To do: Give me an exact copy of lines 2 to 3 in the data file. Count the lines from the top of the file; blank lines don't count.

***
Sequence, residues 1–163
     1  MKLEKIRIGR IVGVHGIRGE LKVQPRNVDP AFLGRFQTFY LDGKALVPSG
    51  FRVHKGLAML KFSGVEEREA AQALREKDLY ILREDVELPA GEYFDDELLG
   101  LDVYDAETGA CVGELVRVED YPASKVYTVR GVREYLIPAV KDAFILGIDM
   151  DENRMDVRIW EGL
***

     1  MKLEKIRIGR IVGVHGIRGE LKVQPRNVDP AFLGRFQTFY LDGKALVPSG
    51  FRVHKGLAML KFSGVEEREA AQALREKDLY ILREDVELPA GEYFDDELLG